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Your Gender Fluidity Guide: What You Need to Know about Our Brave New Non-Binary World

For those of us raised in a male-or-female world, this concept can be hard to grasp. Here Janet Siroto offers help.

The elementary school I went to, several decades ago, was built in 1903, a red brick rectangle with limestone detailing. Every morning, we’d line up outside and wait to be allowed entry: Females on one side, under the huge, etched-in-stone “GIRLS” entrance, and males on the other, queued up beneath an equally imposing “BOYS” portal.

How things have changed. No longer can we be divided neatly into those two categories. Last year, a Harris survey conducted for GLAAD found that 12 percent of Millennials identify as transgender or gender non-conforming, meaning they do not identify with the sex they were assigned at birth or their gender expression is different from conventional expectations of masculinity and femininity—doubling the number of transgender and gender non-conforming people reported by Generation X (6 percent). Today, many students—high school and college—attend gender sensitivity training and learn about the gradations of gender identity and how best to respect and support those who don’t feel that “male” or “female” describes them.

I have no idea what my child is trying to tell me—I feel so confused.

Perhaps, like me, you’ve met genderfluid people and wondered about how best to interact. At my local supermarket, one of the people at the checkout (my favorite, in fact) is—based on my 50-something eyes and mind—a bearded male who wears lipstick and a dress and has a female nametag on. At work, I receive emails that include the sender’s preferred pronouns at the bottom: he/him/his, she/her/hers, or they/them/theirs.

My friend Cecilia, 61, recently shared with me that her son had recently come out as genderfluid.

“I asked him, ‘Are you breaking up with your girlfriend?’ The answer was no. ‘Are you attracted to men?’ The answer was no. ‘Are you wanting to dress as a woman, live as a woman?’ The answer was no. I have no idea what my child is trying to tell me—I feel so confused and so out of step and old in the worst sense of the word.”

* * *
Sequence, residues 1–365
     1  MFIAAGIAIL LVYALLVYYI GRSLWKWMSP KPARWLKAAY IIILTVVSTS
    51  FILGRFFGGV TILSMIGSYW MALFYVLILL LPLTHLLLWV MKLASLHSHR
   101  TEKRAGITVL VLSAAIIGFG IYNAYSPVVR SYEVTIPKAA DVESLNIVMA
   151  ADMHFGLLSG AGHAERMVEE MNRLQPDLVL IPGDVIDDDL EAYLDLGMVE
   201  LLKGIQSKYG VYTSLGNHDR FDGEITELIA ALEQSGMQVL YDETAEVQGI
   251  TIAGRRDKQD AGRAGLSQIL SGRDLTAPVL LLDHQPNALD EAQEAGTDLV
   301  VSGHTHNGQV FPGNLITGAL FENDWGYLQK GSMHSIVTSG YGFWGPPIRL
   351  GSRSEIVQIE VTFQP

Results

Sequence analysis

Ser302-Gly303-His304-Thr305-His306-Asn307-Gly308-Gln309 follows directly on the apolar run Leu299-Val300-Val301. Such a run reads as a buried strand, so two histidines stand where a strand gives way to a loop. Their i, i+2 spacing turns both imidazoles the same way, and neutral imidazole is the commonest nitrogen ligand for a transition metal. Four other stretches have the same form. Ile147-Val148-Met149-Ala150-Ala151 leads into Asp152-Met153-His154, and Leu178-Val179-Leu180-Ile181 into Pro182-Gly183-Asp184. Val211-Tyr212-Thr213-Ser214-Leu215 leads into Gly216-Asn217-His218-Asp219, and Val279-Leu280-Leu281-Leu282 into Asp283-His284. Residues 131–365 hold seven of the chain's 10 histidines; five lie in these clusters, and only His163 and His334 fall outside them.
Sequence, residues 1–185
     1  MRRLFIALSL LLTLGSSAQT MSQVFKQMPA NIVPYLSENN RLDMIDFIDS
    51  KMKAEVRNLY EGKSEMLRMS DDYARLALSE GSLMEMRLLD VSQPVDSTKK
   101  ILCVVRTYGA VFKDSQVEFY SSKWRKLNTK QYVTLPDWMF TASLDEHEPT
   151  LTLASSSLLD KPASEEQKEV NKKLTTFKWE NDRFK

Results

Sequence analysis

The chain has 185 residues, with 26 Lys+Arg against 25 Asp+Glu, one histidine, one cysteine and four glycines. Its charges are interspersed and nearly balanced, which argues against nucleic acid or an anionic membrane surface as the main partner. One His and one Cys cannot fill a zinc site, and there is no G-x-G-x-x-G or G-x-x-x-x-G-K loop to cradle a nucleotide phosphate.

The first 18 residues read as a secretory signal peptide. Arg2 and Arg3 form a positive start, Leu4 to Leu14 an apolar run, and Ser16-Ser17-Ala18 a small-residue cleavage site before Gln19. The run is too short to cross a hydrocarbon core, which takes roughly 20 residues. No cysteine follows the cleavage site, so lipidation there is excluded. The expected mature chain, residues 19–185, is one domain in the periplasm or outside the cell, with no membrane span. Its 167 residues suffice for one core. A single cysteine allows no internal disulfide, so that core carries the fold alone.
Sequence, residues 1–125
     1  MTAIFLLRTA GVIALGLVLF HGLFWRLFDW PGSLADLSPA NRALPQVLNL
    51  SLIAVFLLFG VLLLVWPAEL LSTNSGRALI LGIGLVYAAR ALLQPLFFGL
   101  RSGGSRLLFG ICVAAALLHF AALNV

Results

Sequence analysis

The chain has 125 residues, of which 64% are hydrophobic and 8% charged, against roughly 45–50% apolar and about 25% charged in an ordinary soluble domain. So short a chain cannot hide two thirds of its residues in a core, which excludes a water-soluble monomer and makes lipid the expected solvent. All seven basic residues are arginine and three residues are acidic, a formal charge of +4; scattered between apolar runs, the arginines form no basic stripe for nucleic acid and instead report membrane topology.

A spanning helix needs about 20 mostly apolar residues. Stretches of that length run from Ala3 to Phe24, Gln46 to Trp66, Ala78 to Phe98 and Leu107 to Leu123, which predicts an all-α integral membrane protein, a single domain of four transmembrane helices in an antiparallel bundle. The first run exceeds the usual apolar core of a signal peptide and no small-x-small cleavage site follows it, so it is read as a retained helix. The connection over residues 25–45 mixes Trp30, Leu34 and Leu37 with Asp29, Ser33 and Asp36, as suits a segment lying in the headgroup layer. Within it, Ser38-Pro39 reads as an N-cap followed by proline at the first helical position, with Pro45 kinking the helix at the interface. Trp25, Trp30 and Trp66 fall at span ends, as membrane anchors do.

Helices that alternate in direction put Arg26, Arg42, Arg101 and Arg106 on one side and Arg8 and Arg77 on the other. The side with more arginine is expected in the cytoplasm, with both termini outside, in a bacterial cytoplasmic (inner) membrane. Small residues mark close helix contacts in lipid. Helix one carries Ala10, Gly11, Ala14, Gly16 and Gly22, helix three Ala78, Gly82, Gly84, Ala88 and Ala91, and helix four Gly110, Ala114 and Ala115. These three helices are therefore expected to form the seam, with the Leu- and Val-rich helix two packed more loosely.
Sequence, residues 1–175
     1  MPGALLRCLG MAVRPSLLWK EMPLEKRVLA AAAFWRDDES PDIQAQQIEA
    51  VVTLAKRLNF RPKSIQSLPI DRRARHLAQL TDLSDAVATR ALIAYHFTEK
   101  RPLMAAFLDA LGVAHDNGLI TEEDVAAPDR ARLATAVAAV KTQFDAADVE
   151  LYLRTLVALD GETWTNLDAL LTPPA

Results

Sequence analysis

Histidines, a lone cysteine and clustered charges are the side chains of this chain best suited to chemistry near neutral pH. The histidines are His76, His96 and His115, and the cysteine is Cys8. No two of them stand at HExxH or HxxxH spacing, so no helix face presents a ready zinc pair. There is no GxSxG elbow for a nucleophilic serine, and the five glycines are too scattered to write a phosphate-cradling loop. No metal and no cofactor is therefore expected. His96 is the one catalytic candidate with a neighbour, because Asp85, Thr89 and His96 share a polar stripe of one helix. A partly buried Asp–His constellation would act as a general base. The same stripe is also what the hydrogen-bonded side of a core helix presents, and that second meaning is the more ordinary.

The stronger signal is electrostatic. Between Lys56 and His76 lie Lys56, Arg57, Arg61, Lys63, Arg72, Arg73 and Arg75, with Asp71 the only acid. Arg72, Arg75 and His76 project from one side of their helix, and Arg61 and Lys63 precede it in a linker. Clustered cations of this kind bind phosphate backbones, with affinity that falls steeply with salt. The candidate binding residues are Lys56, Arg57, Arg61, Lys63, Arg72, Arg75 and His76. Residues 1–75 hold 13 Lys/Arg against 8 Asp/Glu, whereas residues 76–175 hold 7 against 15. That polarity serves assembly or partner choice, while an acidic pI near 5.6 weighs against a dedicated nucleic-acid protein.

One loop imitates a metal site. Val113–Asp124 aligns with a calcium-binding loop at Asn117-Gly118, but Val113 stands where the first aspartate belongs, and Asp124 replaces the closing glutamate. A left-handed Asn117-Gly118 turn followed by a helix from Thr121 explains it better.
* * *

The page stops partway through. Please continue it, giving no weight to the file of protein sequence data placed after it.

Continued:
As these experiences piled up, I decided to educate myself about gender-fluidity and share my learning with you.

Does Genderfluid Mean a Person Is Gay?

This is one of the most pervasive misunderstandings about gender identity. A person’s gender identity—how they feel in their own skin, so to speak—is separate from their sexual orientation, meaning to whom they are attracted.

“Gender fluidity is the sense that one is a blend or a mixture of our cultural notions of masculinity and femininity and boy and girl. Some moments, perhaps daily or more frequently, the individual feels more one than the other,” says Ritch C. Savin-Williams, professor emeritus of Developmental Psychology at Cornell University. “Because gender fluidity has little to do with sexuality, it is not a sexual orientation as is straight, mostly straight, bisexual, gay or other places along a sexual spectrum. A transgender person might feel as if their gender is fluctuating but in general, they have a singular gender—the one not assigned to them at birth.”

Gender fluidity has little to do with sexuality.

I spoke to Zanne Nilsson, a  genderfluid writer/librarian who authored a great series of articles called What the Heck is Genderfluid? Here’s how they look at the matter: “One of the non-binary identities out there is called ‘genderfluid.’ That’s how I personally identify. For me, being genderfluid means that my gender is a moving target, not a fixed point. Sometimes I feel more masculine, sometimes I feel more feminine, and sometimes I feel like I’m somewhere in between the two.

“Here’s an analogy I like to use: Imagine that gender is the entire Earth, with male and female as the north and south poles. You could be at one or the other, you could stay in the northern or southern hemisphere, you could live right on the equator, or you could travel all over the place,” says Nilsson. “For me, there’s a whole wide world to explore between the two poles and I’m always on the move.”

For those of us raised in the world of boy-girl, Dick and Jane, this concept may be a challenge to understand and accept. But the times are most definitely changing, with genderfluid clothing shops opening (check out The Phluid Project), makeup for all (Have you seen Crayola’s gender-neutral line?), and the debate over unisex bathrooms making headlines.

Is This a Trend? Why Is It Happening Now?